[AN] Nouveau décès à Mission Space (Epcot)
A 49-year-old woman who had become ill at Disney World after going on an amusement ride that simulates a space launching died Wednesday.
The woman, identified by the medical examiner's office of Orange County, Fla., as Hiltrud Bleumel, a tourist from Schmitten, Germany, took the four-minute ride Tuesday, grew dizzy and nauseated, and was hospitalized, Disney officials said. She soon became comatose.
Ms. Bleumel was the second person in less than a year to die after taking the ride, Mission: Space, on which passengers experience twice the force of gravity. Last June a 4-year-old boy collapsed while on the ride with his mother and sister. A subsequent autopsy showed that he had suffered from a rare, undiagnosed heart ailment.
It is not known whether Ms. Bleumel had some underlying medical problem that might have been worsened by the ride. An autopsy is scheduled for today, the medical examiner's office said.
A representative of the park said in a statement yesterday that Disney engineers, monitored by state regulators, "completed a thorough inspection of the attraction" overnight Wednesday "and found it to be operating properly." It reopened yesterday.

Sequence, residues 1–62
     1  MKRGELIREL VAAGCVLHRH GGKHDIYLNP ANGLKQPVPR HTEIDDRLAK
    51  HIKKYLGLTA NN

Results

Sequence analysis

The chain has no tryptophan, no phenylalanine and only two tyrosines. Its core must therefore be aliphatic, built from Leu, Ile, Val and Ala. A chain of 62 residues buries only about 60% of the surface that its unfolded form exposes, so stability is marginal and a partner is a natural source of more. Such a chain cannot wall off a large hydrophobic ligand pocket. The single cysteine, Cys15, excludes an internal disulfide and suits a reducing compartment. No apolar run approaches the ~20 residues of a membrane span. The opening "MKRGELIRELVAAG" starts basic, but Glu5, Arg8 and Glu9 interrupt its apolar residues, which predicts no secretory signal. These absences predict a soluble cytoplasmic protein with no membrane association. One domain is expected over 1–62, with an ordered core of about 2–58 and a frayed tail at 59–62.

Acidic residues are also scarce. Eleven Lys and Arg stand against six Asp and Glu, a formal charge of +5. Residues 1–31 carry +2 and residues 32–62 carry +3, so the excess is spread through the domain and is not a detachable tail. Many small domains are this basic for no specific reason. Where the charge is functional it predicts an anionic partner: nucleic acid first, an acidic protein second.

Mission: Space, in the Epcot section of the park, is so challenging that airline-type motion sickness bags are made available to riders, some of whom complain of dizziness and nausea after it is over. A warning sign posted outside the attraction cautions some people, including heart patients and pregnant women, not to ride.
The Orlando Sentinel said yesterday that a review of ambulance records showed that of 8.6 million people who took the ride before the death of the boy last June, 143 sought medical attention.
Rob Jacobs, chief of the Florida Bureau of Fair Rides Inspection, said he himself had felt ill after riding Mission: Space, which opened in August 2003.
"It is simulating liftoff, so it just depends on your intestinal fortitude and how you can stand up to these things," Mr. Jacobs said. "It's a G-force issue."